Australian Study Finds HIV Home-Based Test Kits Welcomed by Gay and Bisexual Men

March 7, 2017

 < Prev  |  1  |  2 

Telephone Calls

Only 20 telephone calls were made to the study's support phone line. The vast majority (90%) of these calls were requests for more test kits. Participants did not report any adverse effects as a result of using the test kits.

Commenting on the Study

Researchers in New York City reviewed the findings from the Australian study and made several relevant comments on themes evoked by the study.

Social Harms

The New York City researchers noticed that the Australian study did not find any social harms associated with the test kits. However, they cautioned that implementation of HIV testing strategies that in part rely on home-use test kits "must clearly address the potential for social harms, particularly those related to gender and sexuality oppression."


Cost Issues

The New York City researchers made the following statement:

"Ensuring access to regulated and approved self-tests should be a priority for country-level HIV prevention programmes. Yet, because most research has provided free self-tests, the effect of the cost of self-tests on consistent testing is not well understood."

They noted that the cost of the self-test in the U.S. is between US$40 and $60 (between CAN$53 and $80). According to researchers in France, the cost of self-tests is generally between €20 and €40 (this is in the same price range as the cost of the tests in the U.S.).

The New York City researchers added:

"To avoid possible cost barriers, health authorities might need to provide free HIV self-tests to achieve the increased testing frequency [seen in the Australian study]."

Bear in Mind

The Australian researchers found that home-use HIV-test kits were popular among gay and bisexual men in the study as testing rates increased. Thus, perhaps for certain populations, particularly gay and bisexual men in high-income countries, subsidized HIV self-test kits could be part of a strategy to reduce barriers to HIV testing.

The researchers also found that there was no decrease in participants' use of clinic-based HIV testing during the study. This is an important point because researchers in Seattle have produced computer simulations suggesting that the availability of self-testing could potentially lead to more HIV infections because patients would forgo clinic-based testing and rely on home tests, which are not reliable for detecting recent infections (infections that have occurred within three months).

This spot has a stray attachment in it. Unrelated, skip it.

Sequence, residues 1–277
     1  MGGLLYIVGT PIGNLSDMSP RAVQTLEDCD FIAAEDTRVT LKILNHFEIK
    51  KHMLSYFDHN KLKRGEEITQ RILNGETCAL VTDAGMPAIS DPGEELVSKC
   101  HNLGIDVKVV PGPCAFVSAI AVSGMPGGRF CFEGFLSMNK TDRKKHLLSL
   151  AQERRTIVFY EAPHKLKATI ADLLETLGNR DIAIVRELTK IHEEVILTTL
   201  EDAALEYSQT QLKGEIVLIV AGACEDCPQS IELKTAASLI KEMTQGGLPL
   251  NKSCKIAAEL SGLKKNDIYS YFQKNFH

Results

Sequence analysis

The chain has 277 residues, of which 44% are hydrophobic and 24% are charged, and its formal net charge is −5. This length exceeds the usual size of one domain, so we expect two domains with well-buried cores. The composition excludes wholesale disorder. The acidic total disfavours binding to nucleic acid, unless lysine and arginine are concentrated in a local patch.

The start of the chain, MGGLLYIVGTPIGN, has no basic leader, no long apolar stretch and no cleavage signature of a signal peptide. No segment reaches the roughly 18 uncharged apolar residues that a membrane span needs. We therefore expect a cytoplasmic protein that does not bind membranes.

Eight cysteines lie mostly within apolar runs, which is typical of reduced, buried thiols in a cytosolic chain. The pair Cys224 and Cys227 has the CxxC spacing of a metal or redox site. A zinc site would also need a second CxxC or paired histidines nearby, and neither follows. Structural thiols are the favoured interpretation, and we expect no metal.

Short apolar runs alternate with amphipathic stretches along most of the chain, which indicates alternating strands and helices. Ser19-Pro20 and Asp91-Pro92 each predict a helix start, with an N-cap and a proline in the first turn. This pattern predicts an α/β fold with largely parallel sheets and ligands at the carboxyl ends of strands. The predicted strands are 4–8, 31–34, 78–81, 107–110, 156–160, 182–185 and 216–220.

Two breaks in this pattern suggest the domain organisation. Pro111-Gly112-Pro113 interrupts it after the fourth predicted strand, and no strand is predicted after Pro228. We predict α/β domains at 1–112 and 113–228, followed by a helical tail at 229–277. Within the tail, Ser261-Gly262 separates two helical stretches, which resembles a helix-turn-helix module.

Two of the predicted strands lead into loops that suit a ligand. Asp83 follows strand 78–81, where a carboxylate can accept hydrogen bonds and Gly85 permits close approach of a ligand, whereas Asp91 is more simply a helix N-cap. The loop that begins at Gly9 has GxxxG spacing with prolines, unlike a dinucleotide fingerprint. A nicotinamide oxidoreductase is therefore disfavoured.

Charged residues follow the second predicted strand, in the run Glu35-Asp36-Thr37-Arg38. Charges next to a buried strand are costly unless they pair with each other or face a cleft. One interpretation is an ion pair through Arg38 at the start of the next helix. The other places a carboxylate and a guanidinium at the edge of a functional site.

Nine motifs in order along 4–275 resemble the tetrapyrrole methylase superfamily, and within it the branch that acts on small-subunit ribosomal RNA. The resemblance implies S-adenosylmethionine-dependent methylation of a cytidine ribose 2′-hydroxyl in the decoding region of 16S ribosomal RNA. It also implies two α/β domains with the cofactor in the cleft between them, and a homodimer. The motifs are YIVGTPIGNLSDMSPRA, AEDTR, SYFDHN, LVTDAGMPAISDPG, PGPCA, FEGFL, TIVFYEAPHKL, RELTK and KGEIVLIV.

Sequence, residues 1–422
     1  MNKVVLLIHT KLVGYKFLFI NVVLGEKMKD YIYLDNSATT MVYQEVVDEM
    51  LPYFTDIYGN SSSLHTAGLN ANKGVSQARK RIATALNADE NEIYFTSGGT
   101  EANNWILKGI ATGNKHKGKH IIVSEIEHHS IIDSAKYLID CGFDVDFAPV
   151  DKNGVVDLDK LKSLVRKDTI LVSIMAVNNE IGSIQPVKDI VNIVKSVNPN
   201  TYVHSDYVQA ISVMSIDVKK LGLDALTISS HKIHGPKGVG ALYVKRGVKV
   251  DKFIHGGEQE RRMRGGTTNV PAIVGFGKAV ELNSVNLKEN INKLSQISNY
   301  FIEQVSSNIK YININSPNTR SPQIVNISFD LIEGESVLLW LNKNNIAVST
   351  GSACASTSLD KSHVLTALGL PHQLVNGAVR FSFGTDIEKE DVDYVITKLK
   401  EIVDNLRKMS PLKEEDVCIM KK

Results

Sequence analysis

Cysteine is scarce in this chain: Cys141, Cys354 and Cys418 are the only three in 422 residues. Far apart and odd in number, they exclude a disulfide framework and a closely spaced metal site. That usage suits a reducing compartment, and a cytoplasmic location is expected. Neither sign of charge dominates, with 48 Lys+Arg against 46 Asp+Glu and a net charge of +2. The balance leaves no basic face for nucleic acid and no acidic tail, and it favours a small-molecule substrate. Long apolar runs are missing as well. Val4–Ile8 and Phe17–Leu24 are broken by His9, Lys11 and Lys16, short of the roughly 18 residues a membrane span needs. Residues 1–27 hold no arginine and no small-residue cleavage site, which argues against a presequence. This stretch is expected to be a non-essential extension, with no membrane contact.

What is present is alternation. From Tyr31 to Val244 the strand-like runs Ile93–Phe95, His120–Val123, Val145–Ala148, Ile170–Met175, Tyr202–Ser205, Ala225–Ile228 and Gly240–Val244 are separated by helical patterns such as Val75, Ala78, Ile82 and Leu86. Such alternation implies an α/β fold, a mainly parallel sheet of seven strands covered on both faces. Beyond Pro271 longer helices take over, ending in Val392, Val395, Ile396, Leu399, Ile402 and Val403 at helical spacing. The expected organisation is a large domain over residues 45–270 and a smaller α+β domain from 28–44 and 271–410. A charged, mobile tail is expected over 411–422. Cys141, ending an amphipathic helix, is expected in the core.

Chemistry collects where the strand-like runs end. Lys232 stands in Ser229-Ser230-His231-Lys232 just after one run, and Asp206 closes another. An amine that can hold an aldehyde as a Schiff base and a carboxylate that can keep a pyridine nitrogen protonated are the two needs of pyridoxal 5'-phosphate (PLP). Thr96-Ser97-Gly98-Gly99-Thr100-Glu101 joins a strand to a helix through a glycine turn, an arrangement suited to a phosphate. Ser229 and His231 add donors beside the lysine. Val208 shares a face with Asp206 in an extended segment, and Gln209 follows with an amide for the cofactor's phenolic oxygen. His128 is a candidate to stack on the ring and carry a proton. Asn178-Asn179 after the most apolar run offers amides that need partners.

HIV home-based testing: Potential benefits and ongoing concerns -- Prevention in Focus

HIV testing technologies -- fact sheet

The HIV testing process -- fact sheet

HIV Prevention

CATIE statement on the use of antiretroviral treatment (ART) as a highly effective strategy to maintain an undetectable viral load to prevent the sexual transmission of HIV

Pre-exposure prophylaxis (PrEP) resources

CATIE's prevention resources

HIV, ART and Survival

Impressive gains in survival for older people with HIV but still less than general population -- CATIE News

What reduces survival 10 years after starting ART in North America and Europe? -- TreatmentUpdate 217

Longer life expectancy for HIV-positive people in North America -- TreatmentUpdate 200

Exploring factors linked to longer survival among ART users -- TreatmentUpdate 200

Long-term HIV infection and health-related quality of life -- CATIE News

Swiss researchers investigate drug use and its impact on health and survival -- CATIE News


  1. Jamil MS, Prestage G, Fairley CK, et al. Effect of availability of HIV self-testing on HIV testing frequency in gay and bisexual men at high risk of infection (FORTH): a waiting-list randomised controlled trial. Lancet HIV. 2017; in press.
  2. Frye V, Koblin BA. HIV self-testing in high-risk populations. Lancet HIV. 2017; in press.
  3. Wilson DP, Hoare A, Regan DG, et al. Importance of promoting HIV testing for preventing secondary transmissions: modelling the Australian HIV epidemic among men who have sex with men. Sexual Health. 2009 Mar;6(1):19-33.
  4. Katz DA, Cassels SL, Stekler JD. Replacing clinic-based tests with home-use tests may increase HIV prevalence among Seattle men who have sex with men: evidence from a mathematical model. Sexually Transmitted Diseases. 2014 Jan;41(1):2-9.
 < Prev  |  1  |  2 

Related Stories

Self-Testing Is on the Map
Benefits and Pitfalls to HIV Home Testing
Basic Questions and Answers About HIV Testing

This article was provided by Canadian AIDS Treatment Information Exchange. It is a part of the publication CATIE News. Visit CATIE's Web site to find out more about their activities, publications and services.

No comments have been made.

Add Your Comment:
(Please note: Your name and comment will be public, and may even show up in
Internet search results. Be careful when providing personal information! Before
adding your comment, please read's Comment Policy.)

Your Name:

Your Location:

(ex: San Francisco, CA)

Your Comment:

Characters remaining:


The content on this page is free of advertiser influence and was produced by our editorial team. See our content and advertising policies.